Jaevion Nelson, Guest Columnist
The freedom of religion is seemingly the most essential right in the Charter of Fundamental Rights and Freedom. Nothing else matters in Jamaica as long as Christians enjoy their freedom of religion to the dismay of other faiths and non-believers.
Not even a report on the Tivoli incursion is as critical. What other explanation could there be for the public defender, who is mandated to protect and enforce the rights of Jamaicans, seeking a legal opinion and possible injunction on the prohibition of preaching on buses?
The last few weeks have been a gift for secularism in Jamaica. We now know that there are about 400,000 Jamaicans who are non-religious and about the same who have separated themselves from traditional churches. To top it off, Jamaica Urban Transit Company, responding to the outrage of its passengers, Christians and non-Christians alike, announced a ban on bus preaching. According to the police, persons found guilty can be charged for disorderly conduct.
I had no doubt this would incite the rage of many Christians and persons who are too afraid to challenge the status quo and privileges offered to this religious group. However, I never imagined certain sects, such as the Office of the Public Defender, would take onus for ensuring Christians can do whatever they please. Would the public defender do the same for Hindus, Muslims, Jews and Rastafarians? I highly doubt it.
It is important to note the public defender's admission that his office is severely under-resourced.
Notwithstanding, Earl Witter announced, with timelines, that he intends to seek legal opinion and a possible injunction to protect the 'rights' of the Christian majority. Is this the same person who, weeks ago, refused to even make a comment about the long-overdue Tivoli incursion report relating to the alleged extrajudicial killings of more than 70 persons? He still hasn't provided us with a date for the report, yet there is a clear strategy to treat with the issue of bus preaching. This is beyond preposterous!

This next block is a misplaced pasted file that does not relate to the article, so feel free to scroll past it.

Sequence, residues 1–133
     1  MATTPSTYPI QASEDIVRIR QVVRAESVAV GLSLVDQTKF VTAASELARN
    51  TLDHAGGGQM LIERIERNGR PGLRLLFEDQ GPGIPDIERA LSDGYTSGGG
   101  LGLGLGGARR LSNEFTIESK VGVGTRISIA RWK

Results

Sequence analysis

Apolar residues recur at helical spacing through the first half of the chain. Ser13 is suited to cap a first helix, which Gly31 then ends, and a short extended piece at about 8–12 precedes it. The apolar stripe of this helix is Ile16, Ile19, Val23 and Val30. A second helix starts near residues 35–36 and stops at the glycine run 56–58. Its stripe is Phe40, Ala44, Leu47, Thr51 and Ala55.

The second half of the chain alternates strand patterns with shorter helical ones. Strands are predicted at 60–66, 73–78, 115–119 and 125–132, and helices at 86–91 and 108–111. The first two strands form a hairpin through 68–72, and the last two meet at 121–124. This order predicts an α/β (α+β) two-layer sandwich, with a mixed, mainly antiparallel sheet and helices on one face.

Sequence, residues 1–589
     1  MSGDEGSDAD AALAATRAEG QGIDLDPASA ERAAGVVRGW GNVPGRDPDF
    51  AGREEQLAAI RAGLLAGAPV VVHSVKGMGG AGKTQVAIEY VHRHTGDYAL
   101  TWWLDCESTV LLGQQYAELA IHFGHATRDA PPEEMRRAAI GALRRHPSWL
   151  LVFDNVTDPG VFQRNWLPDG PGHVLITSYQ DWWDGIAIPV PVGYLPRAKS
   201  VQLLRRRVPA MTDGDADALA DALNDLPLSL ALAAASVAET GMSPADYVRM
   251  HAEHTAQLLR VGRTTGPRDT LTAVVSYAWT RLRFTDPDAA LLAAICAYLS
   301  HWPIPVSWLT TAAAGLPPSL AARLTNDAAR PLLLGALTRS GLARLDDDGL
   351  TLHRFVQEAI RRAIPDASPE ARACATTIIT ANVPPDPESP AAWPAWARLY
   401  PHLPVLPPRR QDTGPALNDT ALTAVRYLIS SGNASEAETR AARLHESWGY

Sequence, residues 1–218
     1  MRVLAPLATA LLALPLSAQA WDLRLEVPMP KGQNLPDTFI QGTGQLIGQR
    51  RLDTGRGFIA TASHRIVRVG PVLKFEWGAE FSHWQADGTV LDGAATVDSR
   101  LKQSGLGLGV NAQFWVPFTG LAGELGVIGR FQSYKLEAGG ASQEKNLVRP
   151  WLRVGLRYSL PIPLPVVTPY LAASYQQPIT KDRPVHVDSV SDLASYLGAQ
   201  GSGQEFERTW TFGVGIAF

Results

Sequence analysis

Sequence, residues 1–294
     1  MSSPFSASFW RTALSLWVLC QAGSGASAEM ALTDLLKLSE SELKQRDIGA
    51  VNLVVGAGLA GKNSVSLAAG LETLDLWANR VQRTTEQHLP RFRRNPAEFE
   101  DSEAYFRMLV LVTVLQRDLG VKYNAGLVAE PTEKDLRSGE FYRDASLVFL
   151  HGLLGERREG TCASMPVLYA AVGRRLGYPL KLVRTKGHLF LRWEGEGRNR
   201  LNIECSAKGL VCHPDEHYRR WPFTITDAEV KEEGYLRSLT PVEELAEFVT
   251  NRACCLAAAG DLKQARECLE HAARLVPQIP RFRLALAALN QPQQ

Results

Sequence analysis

The public defender is irreverent. His statement to the media over the weekend and press conference yesterday is evidence of the disregard for the lives of those Jamaicans who lost their life in May 2010 during the Tivoli incursion.
(Allegations) of extrajudicial killings are a big issue in Jamaica. We rank among the highest in the world. A year ago, the United Nations Human Rights Committee expressed concern about reports of excessive use of force by law-enforcement personnel, particularly during the state of emergency between May and July 2010, where 73 civilians were killed at the hands of law-enforcement personnel".
The committee had also requested that Jamaica report, in November of this year, what steps have been taken to "monitor allegations of extrajudicial killings and ensure that all such allegations are investigated in a prompt and effective manner, with a view to eradicating such crimes, bringing perpetrators to justice and hence fighting impunity, and providing effective remedies to victims".
One would imagine that the public defender's report in the Tivoli incursion is crucial to this process, especially as it relates to truth and reconciliation for families, loved ones, and friends of those who were killed.
Whether or not those who died were, in fact, criminals is of no consequence. The truth about death, and even an individual's ability to see the lifeless body of a loved one, is so important to reducing grief and guaranteeing peace and security.
Desmond Tutu, a South African Anglican priest, who served on the post-apartheid Truth and Reconciliation Commission, advises that the past has "an uncanny capacity to return to haunt us [because] an unexamined and unacknowledged past finds all kinds of skeletons emerging from all sorts of cupboards to bedevil the present". I can only imagine the anguish that lingers in the hearts and minds of so many persons in Tivoli Gardens.
We have committed similar offences and ignored them throughout our history. Vybz Kartel profoundly made reference to our treatment of Rastafarians over the years in his book
MUTUAL RESPECT, JUSTICE, TRUTH
We cannot afford to repeat this history. The next 50 years of Jamaica should be about mutual respect, truth and justice for all Jamaicans. This is just as important as the economy.
Truth, Tutu said, "could be such a potential healer ... . Forgiveness is never cheap, never easy, but that it is possible, and that ultimately real reconciliation can happen only on the basis of truth". Until the people of Tivoli and the nation have some knowledge about what really happened, we will never be able to have confidence in our already damaged security and justice system. We made a promise and we ought to do what is right.
The public defender must demonstrate an appreciation of his role in this regard. He should also furnish the report on the incursion before his already-overwhelmed office takes on another case.
Jaevion Nelson is a youth development, HIV and human rights advocate. Email feedback to email@example.com and firstname.lastname@example.org.